Notes on API design in Go

At work, I have a working student who’s implementing some features in the various Golang applications that I build and maintain. I’m trying to pass some of my experience with real-world programming on to him, and one particular pull request review escalated into a blog post on API design, so I might as well share it here for archival purposes (and to fill the desolate wasteland that is my RSS feed).

The concern of the pull request was to add a function to a utility library that implements exponential backoff. His proposed API looked like:

//Retry takes a function (action) that returns an error, and two int64 values (x, y) as
//parameters and creates a retry loop with an exponential backoff such that on failure (error return),
//the action is called again after x seconds and this is incremented by a factor of 2 until y minutes
//then it is keeps on repeating after y minutes till action succeeds (no error).
func Retry(action func() error, x, y time.Duration) { ...  }

The original comment

When you have a function that takes another function, I like to place the function argument at the end of the argument list. When the function argument is a long anonymous function, the other arguments otherwise get separated from the function call:

err := doSomething(function() error {
  if aLotOfThings.Happen() {
    in.ThisFunction(AndMaybe {
       There: "are",
       More: "braces",
       And: "stuff",
  itIsNotClear = true
}, 2, 4) //...which function call these arguments belong to


err := doSomething(2, 4, function() error {

Finally, I would suggest a different API design altogether. The problem with function arguments is that it’s sometimes difficult to tell from context what the arguments mean. An extreme example (which I sadly cannot find on Google right now) is the Win32 API function for starting a new process which takes 22 arguments and it looks something like:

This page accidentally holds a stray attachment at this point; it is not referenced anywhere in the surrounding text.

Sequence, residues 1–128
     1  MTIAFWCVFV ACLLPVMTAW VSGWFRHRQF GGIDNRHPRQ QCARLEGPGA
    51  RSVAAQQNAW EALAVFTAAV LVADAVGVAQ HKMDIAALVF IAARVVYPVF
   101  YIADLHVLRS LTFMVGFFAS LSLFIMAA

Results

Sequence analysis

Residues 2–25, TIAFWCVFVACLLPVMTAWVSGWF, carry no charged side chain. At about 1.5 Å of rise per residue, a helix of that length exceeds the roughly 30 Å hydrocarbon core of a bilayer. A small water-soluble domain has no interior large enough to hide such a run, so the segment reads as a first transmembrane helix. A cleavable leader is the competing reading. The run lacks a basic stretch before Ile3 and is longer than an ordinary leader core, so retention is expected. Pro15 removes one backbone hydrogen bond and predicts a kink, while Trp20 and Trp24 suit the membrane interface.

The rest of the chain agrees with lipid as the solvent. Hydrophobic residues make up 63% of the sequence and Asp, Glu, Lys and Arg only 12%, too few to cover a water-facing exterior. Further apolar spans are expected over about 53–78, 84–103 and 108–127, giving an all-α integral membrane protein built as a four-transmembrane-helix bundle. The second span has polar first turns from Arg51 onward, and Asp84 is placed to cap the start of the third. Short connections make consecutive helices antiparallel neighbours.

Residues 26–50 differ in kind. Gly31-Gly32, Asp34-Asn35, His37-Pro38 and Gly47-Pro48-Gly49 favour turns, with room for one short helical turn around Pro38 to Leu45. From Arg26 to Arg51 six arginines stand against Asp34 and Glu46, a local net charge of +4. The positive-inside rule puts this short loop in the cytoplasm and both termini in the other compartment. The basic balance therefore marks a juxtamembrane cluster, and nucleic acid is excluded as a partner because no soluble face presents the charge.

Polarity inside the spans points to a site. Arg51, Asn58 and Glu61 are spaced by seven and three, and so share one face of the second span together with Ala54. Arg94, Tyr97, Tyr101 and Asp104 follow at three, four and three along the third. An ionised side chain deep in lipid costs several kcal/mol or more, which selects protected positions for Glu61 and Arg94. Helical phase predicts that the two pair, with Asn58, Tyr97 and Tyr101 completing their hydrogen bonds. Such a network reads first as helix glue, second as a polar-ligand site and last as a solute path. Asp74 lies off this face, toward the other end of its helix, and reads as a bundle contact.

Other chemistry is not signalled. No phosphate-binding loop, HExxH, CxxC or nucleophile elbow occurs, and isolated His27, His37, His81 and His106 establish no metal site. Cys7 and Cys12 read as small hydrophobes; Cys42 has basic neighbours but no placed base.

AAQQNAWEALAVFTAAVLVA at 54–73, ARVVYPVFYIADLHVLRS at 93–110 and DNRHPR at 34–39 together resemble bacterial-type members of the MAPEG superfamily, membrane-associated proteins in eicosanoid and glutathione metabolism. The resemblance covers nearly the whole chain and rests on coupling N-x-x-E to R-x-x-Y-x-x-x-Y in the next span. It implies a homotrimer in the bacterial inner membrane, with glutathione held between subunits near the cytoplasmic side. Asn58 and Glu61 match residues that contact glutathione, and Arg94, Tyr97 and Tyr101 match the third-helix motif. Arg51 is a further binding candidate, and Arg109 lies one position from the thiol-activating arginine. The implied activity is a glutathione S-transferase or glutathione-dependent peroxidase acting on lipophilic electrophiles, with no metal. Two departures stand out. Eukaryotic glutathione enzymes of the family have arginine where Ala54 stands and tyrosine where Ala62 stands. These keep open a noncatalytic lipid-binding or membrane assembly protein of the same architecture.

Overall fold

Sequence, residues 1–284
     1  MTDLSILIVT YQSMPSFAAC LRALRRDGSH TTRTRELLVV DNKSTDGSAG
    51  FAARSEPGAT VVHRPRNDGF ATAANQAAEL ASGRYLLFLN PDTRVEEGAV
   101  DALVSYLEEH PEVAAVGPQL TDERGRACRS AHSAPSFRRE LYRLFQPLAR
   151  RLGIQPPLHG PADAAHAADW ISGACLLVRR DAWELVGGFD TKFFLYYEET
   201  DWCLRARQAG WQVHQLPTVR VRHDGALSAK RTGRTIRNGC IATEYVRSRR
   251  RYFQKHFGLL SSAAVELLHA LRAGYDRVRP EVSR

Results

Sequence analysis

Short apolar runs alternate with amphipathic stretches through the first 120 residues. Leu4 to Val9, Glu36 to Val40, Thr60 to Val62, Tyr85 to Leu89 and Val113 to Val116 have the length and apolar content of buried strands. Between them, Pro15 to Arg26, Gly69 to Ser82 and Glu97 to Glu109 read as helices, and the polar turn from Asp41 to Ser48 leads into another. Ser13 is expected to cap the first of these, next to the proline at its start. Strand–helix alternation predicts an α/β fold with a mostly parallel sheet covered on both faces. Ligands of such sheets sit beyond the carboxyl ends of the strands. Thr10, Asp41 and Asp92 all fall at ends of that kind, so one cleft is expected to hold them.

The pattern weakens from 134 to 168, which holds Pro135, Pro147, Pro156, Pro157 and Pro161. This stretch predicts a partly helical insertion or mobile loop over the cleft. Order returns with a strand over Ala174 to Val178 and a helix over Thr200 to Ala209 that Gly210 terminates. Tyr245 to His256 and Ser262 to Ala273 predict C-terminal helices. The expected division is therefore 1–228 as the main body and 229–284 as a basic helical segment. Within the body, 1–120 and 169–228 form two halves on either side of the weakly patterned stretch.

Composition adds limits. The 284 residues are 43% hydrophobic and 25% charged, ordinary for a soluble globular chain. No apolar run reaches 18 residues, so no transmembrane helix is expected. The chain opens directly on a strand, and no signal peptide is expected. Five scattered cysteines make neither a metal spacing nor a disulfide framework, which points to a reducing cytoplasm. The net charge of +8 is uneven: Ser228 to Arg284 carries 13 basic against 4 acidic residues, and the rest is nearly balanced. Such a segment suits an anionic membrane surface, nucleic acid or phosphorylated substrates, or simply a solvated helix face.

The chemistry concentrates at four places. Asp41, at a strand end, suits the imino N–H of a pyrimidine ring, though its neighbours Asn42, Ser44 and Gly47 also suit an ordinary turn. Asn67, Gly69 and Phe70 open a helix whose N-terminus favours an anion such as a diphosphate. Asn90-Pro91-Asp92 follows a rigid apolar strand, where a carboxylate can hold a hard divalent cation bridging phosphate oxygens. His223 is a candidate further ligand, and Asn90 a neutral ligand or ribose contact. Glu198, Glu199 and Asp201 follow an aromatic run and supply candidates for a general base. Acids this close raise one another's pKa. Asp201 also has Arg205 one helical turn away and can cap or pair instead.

StartProcess("C:\Windows\system32\rundll.exe", null, null, null, null, null, null, null, null, true, true, false, false, null, false, true);

So unless you have the API docs open on your other monitor, it’s pretty impossible to tell what each of these arguments mean. To be able to give meaningful names to arguments, it’s common practice in Go APIs to collect all these switches and configuration options into an Options struct:

type RetryOptions struct {
  BackoffFactor int
  MaxInterval time.Duration
func Retry(opts RetryOptions, action func() error) { ... }

//usage example:
Retry(RetryOptions { BackoffFactor: 2, MaxInterval: 5 * time.Second }, func() {

That’s much more verbose, but also much more obvious when you’re reading it. It also has the advantage that you can later add new fields to RetryOptions without breaking existing users of your API. (If you look at the API of Schwift, you’ll see these Options types all over the place for this reason.)

Finally, here’s the API that I would propose:

type RetryStrategy interface {
  RetryUntilSuccessful(action func() error)

type ExponentialBackoff struct {
  Factor int
  MaxInterval time.Duration
func (eb ExponentialBackoff) RetryUntilSuccessful(action func() error) { ... }

//usage example:
ExponentialBackoff {
  Factor: 2,
  MaxInterval: 5 * time.Second,
}.RetryUntilSuccessful(func() error {

This makes it easy to later add other implementations for type RetryStrategy (e.g. one that just retries for a given number of times and then gives up). It also allows other parts of the program to take a RetryStrategy as a parameter.

The morale

A good API design is based on two things: First, there are some fundamental values that the developer tries to optimize for. In my case, that’s extensibility and backwards-compatibility. (I’ve been bitten by updates with breaking changes a few times too often and don’t want to install this pain on others, or on myself.) Second, the language features inform how to translate these values into an API design. In Python, I wouldn’t work with Options types, because Python provides kwargs which serve the same purpose and are more idiomatic.